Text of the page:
Essential Oils Derivatives – What Are Terpenes?


Terpenes, sometimes spelled as Thymes, is an aromatic group of organic substances consisting of aromatic chemicals having the structure molecule of cationic aromatic hydrocarbons. Comprising more than thirty thousand different aromatic chemicals, these organic substances are made primarily by aromatic plants, particularly coniferous plants. In recent years, the use of terpenes has been widely used as an antiseptic and as an antimicrobial and has proved very useful in the treatment of infectious diseases. This natural substance can also be found in some cosmetics, including shampoos and conditioners for hair. However, it is unknown whether these products are acting as allergens or if they are causing irritation.

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Terpenes play an important role in the aromatherapy, the discipline concerned with identifying the essential scents of plants and determining that they are and their components. The role of terpenes in the aromatic chemistry and the volatile organic compounds (VOCs) of plant aromatic chemicals is being investigated intensively both in terms of the chemistry of their compounds and in terms of their action on biological entities. Terpenes have proved to be potent allergens and provoke allergic reactions in some people. Studies indicate that exposure to minute quantities of terpenes results in a strong sensitizer reaction that is characterized by sneezing, itchy eyes, a scratchy throat, difficulty in swallowing and increased pulse rates.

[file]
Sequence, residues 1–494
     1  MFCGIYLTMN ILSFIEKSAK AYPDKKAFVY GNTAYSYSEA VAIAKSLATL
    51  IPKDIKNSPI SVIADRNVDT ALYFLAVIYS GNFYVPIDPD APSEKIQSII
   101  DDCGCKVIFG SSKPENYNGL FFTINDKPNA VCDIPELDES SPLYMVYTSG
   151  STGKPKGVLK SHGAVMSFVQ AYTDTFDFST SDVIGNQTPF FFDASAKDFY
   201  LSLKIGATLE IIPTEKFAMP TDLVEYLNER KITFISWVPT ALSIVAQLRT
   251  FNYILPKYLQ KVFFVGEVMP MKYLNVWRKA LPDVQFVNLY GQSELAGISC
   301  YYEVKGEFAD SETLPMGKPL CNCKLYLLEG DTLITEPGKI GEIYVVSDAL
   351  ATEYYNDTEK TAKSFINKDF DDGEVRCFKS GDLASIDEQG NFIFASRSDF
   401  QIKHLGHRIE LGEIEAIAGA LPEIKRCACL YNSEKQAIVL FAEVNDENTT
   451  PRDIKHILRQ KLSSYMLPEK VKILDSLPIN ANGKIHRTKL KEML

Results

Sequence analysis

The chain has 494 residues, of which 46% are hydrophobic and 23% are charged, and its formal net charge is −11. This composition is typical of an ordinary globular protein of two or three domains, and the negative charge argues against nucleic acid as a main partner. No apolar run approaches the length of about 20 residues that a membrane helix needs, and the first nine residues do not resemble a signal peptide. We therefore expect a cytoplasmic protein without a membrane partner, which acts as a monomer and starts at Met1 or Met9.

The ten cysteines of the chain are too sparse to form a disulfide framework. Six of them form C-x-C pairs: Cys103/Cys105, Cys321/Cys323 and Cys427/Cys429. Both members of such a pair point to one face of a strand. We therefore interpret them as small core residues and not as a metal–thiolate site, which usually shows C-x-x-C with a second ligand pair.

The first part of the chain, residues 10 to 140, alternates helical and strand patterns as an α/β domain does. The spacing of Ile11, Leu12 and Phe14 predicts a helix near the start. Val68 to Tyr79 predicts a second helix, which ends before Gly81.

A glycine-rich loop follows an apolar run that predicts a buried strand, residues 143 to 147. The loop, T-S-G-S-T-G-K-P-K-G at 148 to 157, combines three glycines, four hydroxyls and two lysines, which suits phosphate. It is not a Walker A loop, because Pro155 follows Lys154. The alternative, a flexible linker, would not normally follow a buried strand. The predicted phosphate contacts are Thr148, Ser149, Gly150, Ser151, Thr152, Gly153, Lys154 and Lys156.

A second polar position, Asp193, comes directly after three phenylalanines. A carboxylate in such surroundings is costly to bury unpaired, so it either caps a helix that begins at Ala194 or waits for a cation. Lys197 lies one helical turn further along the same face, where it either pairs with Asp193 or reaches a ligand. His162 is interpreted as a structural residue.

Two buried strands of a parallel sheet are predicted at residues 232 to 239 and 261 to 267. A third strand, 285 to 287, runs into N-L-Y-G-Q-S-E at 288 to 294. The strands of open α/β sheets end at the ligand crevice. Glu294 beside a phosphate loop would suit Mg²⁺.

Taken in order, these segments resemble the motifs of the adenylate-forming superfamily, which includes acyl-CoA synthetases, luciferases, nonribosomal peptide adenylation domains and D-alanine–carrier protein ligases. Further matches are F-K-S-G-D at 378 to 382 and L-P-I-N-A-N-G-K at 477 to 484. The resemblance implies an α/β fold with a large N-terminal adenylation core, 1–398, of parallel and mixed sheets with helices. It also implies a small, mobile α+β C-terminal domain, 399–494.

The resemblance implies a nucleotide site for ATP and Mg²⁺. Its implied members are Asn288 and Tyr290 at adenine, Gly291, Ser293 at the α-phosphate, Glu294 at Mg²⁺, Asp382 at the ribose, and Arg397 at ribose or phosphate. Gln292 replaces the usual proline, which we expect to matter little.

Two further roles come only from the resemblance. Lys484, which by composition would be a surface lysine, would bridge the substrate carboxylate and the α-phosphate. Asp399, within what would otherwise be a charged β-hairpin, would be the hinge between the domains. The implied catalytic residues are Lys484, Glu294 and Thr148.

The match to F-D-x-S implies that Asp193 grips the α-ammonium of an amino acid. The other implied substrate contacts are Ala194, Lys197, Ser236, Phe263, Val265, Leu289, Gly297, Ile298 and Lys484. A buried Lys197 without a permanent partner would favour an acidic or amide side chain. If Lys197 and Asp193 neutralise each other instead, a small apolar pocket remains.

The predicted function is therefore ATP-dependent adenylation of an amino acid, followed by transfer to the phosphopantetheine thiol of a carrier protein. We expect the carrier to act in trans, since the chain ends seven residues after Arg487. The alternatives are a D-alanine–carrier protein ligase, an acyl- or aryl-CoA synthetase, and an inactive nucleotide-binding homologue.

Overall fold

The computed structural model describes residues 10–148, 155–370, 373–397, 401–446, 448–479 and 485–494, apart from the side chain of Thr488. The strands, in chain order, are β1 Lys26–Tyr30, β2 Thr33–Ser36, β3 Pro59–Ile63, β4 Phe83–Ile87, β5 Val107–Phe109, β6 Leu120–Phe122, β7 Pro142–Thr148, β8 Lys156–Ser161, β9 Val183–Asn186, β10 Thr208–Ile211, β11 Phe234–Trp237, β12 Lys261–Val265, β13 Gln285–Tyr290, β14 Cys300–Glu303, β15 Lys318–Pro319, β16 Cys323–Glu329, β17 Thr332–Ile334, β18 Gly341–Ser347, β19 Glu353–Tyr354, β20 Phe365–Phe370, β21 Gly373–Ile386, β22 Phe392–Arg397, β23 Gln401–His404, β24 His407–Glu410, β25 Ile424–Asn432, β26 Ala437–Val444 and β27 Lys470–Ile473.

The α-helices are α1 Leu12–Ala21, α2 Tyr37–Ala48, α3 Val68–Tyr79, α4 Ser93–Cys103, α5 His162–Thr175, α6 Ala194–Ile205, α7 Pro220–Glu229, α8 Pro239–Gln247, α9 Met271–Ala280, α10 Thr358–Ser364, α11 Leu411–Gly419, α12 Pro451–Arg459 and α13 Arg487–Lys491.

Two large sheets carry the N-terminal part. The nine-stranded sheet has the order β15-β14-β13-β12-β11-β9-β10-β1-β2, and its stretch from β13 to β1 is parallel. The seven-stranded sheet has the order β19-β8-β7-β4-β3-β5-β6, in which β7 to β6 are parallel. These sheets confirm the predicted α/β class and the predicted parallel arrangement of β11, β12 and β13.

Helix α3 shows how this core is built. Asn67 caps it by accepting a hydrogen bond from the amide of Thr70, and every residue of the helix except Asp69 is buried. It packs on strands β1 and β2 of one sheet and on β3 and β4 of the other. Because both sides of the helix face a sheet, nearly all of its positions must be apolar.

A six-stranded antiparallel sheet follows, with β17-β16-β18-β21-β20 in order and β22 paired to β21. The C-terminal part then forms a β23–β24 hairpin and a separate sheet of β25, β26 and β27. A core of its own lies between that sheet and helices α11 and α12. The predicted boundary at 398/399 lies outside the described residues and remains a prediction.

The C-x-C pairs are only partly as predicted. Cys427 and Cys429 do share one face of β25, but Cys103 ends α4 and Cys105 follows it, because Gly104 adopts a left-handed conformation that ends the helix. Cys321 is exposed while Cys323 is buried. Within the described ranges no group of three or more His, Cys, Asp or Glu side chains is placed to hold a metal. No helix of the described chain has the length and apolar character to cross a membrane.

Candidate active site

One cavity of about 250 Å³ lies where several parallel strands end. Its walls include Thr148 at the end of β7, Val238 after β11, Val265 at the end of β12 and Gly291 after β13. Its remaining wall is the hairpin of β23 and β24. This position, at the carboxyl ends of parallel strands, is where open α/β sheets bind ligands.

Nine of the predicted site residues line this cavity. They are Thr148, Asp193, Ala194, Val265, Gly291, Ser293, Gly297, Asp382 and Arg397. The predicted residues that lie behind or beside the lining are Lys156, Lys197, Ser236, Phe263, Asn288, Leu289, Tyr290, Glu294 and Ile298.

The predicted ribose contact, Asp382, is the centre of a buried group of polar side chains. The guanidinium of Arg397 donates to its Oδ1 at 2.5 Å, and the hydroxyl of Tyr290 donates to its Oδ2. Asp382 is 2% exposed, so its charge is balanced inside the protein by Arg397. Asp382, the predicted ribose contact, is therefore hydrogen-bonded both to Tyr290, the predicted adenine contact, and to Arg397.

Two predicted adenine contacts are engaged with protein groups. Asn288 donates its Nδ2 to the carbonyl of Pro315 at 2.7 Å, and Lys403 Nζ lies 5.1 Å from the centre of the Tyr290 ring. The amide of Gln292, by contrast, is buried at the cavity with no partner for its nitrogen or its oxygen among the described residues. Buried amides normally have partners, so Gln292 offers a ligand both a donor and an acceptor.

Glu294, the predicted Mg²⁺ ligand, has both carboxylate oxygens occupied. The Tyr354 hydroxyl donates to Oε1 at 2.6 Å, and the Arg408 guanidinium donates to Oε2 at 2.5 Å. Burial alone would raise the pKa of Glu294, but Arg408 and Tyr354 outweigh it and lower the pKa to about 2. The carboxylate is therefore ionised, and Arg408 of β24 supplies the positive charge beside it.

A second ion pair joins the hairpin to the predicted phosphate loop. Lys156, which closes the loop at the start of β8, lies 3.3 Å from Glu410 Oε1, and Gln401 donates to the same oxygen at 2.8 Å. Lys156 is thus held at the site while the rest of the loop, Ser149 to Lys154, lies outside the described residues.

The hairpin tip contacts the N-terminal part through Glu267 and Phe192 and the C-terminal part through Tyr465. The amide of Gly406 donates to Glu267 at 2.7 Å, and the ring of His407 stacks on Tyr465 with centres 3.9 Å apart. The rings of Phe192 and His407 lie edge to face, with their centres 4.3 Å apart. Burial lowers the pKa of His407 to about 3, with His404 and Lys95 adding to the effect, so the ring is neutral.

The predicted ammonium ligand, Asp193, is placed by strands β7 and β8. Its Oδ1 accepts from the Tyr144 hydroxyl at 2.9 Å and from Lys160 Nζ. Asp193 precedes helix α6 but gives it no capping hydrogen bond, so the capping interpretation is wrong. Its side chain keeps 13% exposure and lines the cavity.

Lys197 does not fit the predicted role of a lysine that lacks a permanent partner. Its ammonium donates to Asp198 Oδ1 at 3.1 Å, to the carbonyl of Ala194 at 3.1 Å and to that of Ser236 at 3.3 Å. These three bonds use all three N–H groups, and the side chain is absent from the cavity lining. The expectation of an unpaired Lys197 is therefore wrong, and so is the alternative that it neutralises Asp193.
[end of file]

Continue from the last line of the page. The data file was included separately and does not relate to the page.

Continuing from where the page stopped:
This is the first study to link terpenes with human allergic behavior. The researchers found that the essential oils of Eucalyptus that are released in the essential oil of this tree trigger the immunosuppression factor that causes sneezing when these oils are inhaled by humans. The level of immunosuppression induced by the oil reduces the chances of airborne bacteria adhering to the skin surface. It seems that the volatile oil component of the Eucalyptus, responsible for causing the allergic symptoms is responsible for triggering the hypersensitive response. Further studies are underway to determine whether other plants in the same family may also elicit similar allergic responses.